London – Yesterday (July 10th) the House of Commons’ Joint Committee on Human Rights (JCHR) published their report on the Counter-Terrorism and Border Security Bill, currently making its way through Parliament.

In the report, the JCHR expresses concerns about the broad scope of provisions in the Bill, the extent to which they ‘extend the reach of the criminal law into private spaces’ and how they may disproportionately criminalise expressions and behaviour.

Of particular concern for them are clauses in the Bill about the criminalising of the publication of images connected to proscribed organisations, and a three-strike policy on viewing ‘terrorist’ content online. Also of concern is the enforcement of Schedule 7-style stop and search powers for the purporese of investigating ‘Hostile Acts’.

They also convey anxiety about the possible impact on journalists and academics who may find themselves caught up in the cast net of counter-terror policing and the ‘chilling effect’ this could have on them.

The JCHR is rightly alarmed by the proposals in the Bill, and CAGE share many concerns about the scope of the powers in the Bill.

Rather than heeding calls from across society to fundamentally rethink those approaches to security and counter-terrorism, this Bill sees the government further cement provisions that have seen norms of due process abandoned, and individuals criminalised unjustly.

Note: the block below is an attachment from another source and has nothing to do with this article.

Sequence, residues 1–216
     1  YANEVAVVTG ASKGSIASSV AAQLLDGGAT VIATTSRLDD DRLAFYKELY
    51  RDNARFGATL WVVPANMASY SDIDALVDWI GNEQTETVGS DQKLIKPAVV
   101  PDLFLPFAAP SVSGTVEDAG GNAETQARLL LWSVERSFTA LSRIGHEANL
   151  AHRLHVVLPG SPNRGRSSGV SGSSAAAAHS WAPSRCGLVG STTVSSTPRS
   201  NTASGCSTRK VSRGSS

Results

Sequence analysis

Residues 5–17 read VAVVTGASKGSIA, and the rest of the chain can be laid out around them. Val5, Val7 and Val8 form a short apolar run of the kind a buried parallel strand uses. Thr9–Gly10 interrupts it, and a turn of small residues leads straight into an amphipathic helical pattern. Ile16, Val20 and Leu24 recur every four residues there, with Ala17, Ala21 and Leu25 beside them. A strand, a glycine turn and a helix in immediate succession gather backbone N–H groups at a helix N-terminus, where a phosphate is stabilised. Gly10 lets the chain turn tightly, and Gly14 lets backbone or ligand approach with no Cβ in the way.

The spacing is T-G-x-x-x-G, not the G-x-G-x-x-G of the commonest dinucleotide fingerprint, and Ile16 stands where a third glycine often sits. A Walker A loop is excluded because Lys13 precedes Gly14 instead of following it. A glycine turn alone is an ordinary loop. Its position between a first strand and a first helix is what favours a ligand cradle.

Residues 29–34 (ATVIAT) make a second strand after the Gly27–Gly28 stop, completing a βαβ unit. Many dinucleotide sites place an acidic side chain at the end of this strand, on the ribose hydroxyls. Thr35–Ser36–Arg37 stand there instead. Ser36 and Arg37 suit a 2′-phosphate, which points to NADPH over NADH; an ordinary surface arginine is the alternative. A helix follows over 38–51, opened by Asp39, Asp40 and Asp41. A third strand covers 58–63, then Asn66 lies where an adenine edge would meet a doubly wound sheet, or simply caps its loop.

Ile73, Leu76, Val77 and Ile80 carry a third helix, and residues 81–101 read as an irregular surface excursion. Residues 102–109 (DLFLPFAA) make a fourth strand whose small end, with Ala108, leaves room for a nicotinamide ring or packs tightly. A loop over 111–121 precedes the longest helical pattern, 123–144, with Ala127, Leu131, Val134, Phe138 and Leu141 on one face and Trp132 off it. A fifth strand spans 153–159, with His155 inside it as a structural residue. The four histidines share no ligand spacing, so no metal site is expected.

The dangers presented in this Bill include:

  1.      Strengthening the hard arm of policing by introducing new and broader terror-related offences and longer prison sentences;
  2.      Widening the scope of surveillance and intelligence-gathering outside the sphere of crime, with new powers to stop, search and detain individuals without suspicion; and
  3.      Securitising the public sector further, by co-opting local authorities further into the counter-terror apparatus.

Drawing from our breadth of first-hand experience supporting individuals affected by counter-terror legislation, the threat of overpolicing and criminalisation is a clear and present reality, not just an abstract concern.

And while journalists and academics may indeed be at risk, in our experience it is ordinary people, particularly Muslims, who find themselves at the sharp end of overpolicing under counter-terrorism powers.

However, we differ from the JCHR’s suggestions of amendments and tweaks to the Bill, which still appear to justify its provisions.

CAGE believes that the Counter-Terrorism and Border Security Bill (CTBS) 2018, will increase an already unreasonable security environment in the UK, beyond all measure of necessity, and must be opposed in its entirety.


You can read our briefing in full here.

(NOTE: CAGE represents cases of individuals based on the remit of our work. Supporting a case does not mean we agree with the views or actions of the individual. Content published on CAGE may not reflect the official position of our organisation.)